In a deposition, you may have wondered why a court reporter is used to take down the record. People have asked many times why court reporters are still used when a tape recorder can do essentially the same thing, right? So why is a live court reporter still necessary in this day and age?
Court reporters are an essential part of the legal system for a wide variety of reasons.
- Keeping the record clear
If you’ve ever listened to people speak, you might notice that unfamiliar words need to be clarified occasionally and many words can be misheard. Written down, many similar words, especially involving technical or medical terminology, can be confused with each other. If a live court reporter is present, they have the opportunity to tackle that problem as it arises. On the other hand, if this mistake is heard on a recording and asked to be transcribed, the transcriptionist might not be able to easily clarify what is said. This could result in serious errors on the final transcript, and, as a result, might not accurately reflect what was stated. In addition, people might speak over each other or other noises may be made during a deposition and may make the record unclear. A live court reporter can put a stop to this immediately if it gets out of hand, and they will make sure that everything that needs to be said is put on the record in an orderly manner.
- Technological Issues
Issues with technology can and do happen, whether it’s due to human error or for another reason. If there is not a court reporter in the room whose sole duty is to protect the record, entire depositions or court cases could be lost. There could be a plethora of things that could happen, from having something wrong with the recording device or someone forgetting to press record! Court reporters usually have several backups in place to prevent something like this from happening, including writing to both their steno machines and to their CAT software, and, as a last resort, having an audio backup of their own. Also, since the court reporter is present during the proceeding or deposition, they will be able to notice immediately if something goes awry technologically.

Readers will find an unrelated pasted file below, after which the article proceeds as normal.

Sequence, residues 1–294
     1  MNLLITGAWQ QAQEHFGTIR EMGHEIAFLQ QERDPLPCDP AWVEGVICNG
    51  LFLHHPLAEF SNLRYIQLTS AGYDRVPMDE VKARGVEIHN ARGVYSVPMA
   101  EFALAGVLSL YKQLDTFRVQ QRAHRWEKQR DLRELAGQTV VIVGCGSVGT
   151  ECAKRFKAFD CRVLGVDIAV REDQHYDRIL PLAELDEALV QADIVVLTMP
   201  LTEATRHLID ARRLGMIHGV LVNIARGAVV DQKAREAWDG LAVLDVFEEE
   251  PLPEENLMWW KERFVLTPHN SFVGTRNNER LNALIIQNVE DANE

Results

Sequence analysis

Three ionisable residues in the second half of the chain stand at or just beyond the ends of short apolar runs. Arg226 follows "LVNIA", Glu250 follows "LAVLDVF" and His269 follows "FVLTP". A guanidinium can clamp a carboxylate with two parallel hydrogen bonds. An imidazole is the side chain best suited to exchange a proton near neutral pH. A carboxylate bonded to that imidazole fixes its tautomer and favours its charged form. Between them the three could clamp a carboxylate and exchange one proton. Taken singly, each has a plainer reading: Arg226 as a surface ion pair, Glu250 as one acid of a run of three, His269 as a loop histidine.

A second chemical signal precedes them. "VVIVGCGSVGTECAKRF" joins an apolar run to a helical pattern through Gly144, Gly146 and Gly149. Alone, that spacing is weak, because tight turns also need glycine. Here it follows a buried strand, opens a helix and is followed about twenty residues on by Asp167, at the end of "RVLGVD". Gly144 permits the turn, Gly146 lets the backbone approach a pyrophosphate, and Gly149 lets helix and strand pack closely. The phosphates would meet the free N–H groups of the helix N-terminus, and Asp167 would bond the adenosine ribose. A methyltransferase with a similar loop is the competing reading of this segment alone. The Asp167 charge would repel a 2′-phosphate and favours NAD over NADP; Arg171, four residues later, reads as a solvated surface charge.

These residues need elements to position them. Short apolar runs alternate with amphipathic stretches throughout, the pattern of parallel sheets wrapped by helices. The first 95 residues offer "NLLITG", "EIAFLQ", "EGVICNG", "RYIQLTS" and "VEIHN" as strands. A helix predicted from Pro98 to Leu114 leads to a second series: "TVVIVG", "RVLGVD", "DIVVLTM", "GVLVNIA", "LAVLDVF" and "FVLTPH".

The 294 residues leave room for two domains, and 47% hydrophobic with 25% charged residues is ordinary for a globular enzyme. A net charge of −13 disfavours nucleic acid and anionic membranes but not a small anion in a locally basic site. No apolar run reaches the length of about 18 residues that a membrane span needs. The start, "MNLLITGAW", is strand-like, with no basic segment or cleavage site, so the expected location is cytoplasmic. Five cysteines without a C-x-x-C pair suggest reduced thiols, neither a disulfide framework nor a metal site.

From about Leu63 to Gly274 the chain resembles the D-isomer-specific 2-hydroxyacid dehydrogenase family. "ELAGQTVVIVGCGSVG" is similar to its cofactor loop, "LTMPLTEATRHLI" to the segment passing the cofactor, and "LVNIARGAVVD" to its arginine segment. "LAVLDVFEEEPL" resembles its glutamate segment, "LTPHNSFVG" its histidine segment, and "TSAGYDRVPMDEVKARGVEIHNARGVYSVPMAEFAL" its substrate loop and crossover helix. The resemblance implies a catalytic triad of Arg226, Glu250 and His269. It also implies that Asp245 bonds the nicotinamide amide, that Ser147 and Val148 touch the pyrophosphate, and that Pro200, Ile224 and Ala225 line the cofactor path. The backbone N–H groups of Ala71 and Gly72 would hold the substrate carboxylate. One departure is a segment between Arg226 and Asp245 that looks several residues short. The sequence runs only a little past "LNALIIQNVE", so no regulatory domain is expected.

- Familiarity with the Material
Because the court reporter was present throughout the deposition or proceeding, they have a better idea of what is happening than someone who is just transcribing audio material. Someone who is transcribing wasn’t there and will have a much higher chance of incorrectly identifying speakers, putting an incorrect, but similar, sounding word or phrase, and even has the risk of not understanding something completely. A court reporter’s turnaround time is also much more likely to be shorter than someone who is transcribing from audio. Since they were present, and since they have recorded the material at the time that it happened, there is not nearly as much editing to be done than if it was started from scratch.
Written by Brittaney Byers.
Brittaney Byers is a current court reporting student intern at Cady Reporting. She is currently in her final speeds at Cuyahoga Community College and hoping to graduate in May 2018. Brittaney has been featured in the National Court Reporters Association’s student publication Up-To-Speed as the Student Spotlight in October 2017. After graduating, Brittaney hopes to either become a freelance court reporter taking depositions, or an official court reporter working in a courtroom. When she is not practicing or doing homework, she enjoys playing the piano and caring for her cat, Kiara.